Offline Business Models Must Adapt… or Fail

Some people just don’t get it. Online advertising works, and those who realize they need to adapt to these changes are the ones who will succeed. When I visit my local mall, I continually see new stores opening up and going out of business just a few short weeks after. If they don’t go out of business, they are sometimes moving to different and smaller locations in the mall… but still getting the same result.

Two stores in particular that come to my mind are a small funny tshirt store and a replica jewelry stand. First off, the traffic flowing through the mall is dead… and I rarely ever see anyone shopping at these locations. Then you have the monthly rent cost, which we can guess is at least $1,000 to 2,000 a month depending on location. On top of that you have the inventory issues, paying a staff or if you are working the place, the time you are wasting just to break even. I just can’t see how either of these businesses are making money… and usually they aren’t.

What they should be doing is removing their business from the mall and bringing it online, it’s really so much more effective and will completely turn their business around! The problem is most of them simply don’t know how, or take the time to research it.

Years ago I bought a replica jewelry web site that was doing a few hundred dollars a month in sales. After I took it over I had it doing around a thousand a month. Not bad for picking up a site, improving the business model and creating some ad campaigns. Instead of having to hold inventory I also had a drop shipper for the site.

I was selling the same exact stuff (and more) that the kiosk in the mall is selling. The only difference is my product prices were lower, the process was nearly automated, and I didn’t have the insane renting costs they have to deal with each month.

I got focused on other projects and slowly moved away from the jewelry site, though it still gets a lot of volume and has some nice page rankings. I recently decided I would put some time back into the site and get it running again, but this time I would outsource the management of the site.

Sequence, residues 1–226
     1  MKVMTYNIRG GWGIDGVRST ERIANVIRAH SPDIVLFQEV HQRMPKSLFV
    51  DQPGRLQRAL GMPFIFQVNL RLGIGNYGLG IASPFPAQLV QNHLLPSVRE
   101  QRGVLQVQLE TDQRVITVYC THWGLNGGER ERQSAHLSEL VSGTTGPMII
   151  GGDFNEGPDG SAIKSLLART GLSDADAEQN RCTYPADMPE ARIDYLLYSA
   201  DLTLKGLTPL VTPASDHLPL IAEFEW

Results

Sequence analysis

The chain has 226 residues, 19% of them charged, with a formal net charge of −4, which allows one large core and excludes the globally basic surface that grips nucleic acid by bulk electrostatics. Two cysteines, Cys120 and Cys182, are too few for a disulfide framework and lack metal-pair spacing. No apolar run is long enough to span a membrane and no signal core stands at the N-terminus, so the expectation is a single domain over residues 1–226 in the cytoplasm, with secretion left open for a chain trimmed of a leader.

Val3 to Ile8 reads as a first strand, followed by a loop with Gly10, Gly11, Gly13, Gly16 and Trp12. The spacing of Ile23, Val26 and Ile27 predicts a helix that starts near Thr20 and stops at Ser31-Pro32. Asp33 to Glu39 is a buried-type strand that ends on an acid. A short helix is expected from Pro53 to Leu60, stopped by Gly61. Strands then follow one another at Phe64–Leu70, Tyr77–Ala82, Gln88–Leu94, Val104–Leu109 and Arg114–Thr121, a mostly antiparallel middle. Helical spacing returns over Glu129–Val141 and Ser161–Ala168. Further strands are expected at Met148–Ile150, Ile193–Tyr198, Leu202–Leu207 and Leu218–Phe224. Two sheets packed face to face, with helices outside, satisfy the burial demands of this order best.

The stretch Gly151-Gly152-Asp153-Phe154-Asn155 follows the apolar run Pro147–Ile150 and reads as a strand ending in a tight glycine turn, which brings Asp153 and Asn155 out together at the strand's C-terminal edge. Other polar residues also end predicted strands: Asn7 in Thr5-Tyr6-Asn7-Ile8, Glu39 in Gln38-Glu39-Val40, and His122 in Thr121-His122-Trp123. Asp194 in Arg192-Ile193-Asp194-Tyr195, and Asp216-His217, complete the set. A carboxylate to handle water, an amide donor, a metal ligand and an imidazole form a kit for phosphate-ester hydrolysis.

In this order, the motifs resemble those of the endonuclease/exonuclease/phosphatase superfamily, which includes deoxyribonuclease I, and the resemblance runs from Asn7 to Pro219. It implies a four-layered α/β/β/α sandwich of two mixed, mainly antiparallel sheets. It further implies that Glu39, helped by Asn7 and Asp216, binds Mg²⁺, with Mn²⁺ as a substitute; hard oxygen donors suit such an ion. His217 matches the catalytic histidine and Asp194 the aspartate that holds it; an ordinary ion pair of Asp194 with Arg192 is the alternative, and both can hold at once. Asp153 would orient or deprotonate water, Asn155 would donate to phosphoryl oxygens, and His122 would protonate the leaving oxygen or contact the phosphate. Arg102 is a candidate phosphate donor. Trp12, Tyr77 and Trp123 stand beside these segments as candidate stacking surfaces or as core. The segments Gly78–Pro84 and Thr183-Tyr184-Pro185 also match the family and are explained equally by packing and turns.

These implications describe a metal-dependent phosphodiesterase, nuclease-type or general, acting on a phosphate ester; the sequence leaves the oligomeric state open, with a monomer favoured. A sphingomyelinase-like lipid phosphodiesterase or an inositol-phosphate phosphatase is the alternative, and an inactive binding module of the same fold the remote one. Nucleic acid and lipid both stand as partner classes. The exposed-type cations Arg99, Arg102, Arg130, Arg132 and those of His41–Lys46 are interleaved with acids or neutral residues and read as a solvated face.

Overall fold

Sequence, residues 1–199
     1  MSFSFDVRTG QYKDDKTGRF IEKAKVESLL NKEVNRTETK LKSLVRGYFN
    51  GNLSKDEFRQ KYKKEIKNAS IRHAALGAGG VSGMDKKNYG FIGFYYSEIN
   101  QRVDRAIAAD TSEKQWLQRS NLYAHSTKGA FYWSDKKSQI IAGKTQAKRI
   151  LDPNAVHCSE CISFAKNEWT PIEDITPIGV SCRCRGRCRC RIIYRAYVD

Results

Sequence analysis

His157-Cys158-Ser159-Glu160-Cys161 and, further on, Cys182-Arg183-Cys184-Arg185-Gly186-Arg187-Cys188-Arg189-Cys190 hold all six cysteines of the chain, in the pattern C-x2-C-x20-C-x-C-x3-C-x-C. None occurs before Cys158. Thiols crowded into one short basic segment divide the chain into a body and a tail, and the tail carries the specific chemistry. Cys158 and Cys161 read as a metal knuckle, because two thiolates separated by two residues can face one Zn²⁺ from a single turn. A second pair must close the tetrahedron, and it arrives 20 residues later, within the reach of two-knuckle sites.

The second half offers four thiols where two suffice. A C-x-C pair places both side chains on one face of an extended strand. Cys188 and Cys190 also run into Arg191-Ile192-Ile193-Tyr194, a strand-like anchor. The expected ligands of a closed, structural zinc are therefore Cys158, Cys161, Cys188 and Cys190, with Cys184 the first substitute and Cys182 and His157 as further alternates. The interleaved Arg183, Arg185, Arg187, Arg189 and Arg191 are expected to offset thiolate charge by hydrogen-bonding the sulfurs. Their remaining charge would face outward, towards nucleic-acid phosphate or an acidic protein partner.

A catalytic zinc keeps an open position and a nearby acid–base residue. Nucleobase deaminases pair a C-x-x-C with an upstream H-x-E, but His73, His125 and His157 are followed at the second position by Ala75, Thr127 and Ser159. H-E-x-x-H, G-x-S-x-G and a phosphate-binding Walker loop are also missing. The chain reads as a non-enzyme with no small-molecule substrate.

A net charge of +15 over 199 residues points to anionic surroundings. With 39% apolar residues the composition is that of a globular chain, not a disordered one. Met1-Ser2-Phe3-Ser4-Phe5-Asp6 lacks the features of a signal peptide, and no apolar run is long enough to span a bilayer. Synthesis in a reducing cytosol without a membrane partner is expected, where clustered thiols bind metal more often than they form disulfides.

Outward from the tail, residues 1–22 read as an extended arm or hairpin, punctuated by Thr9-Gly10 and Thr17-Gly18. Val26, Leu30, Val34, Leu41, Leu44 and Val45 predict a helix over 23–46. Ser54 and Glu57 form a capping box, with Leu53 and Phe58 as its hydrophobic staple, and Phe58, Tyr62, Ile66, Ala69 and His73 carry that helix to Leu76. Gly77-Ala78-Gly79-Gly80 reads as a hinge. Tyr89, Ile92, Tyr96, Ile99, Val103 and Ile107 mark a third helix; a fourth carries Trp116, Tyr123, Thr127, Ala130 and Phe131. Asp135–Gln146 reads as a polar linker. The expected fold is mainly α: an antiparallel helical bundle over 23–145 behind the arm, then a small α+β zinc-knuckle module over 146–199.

Since it’s been a while since I last ran the site, I needed to set it up with a new shopping cart system, and I decided to go with Volusion. They are one of the biggest and best names around for setting up an online store, and they have a great staff and can customize an online store for any needs necessary. They also have a cool infographic to help you choose the right shopping cart for moving your business or store online.

In all honestly, I can have the exact same products that a kiosk in a mall is selling within a few days, if not less. Through drop shipping and wholesale distributors online, it’s too cheap and easy to build your own store and business online. Instead of spending the few thousand a month in rent, put that towards an online store, affiliate program and advertising.

The point I’m trying to make is that the offline business world needs to adapt. There is a reason why more and more stores and businesses are going out of business. The days of having to sell products for half of the month just to make a profit are over!

Sure, people will always go to the mall and shop for the experience and buy clothing and food, but when it comes to so many other products, you can get much better discounts and deals online.

Keep the offline business model, but slowly progress and build a presence online. You will soon find that your online business starts to pass your offline model.

Is your business model focused only on offline marketing and transactions? If it is… you are missing out big time, and potentially headed toward failure.

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  1. Well said Zac.
    Could this be due to just volume? Everybody is spending their time on the internet at all times of the day. While the mall can have have fluctuations of volume do to many factors. Weather, time of year, etc.

    1. It could definitely be a volume issue. It also comes down to a matter of how many new people are circulating through the mall and just passing a store because they aren't interested and have seen it before. I'm sure these locations will do well during Christmas, but they are just dead in the off season.

      I used the two examples I in the post specifically because I know their concept and business would do so much better online. Selling tshirts online has become one of the biggest trends around, and the replica jewelry stuff does really well in different markets.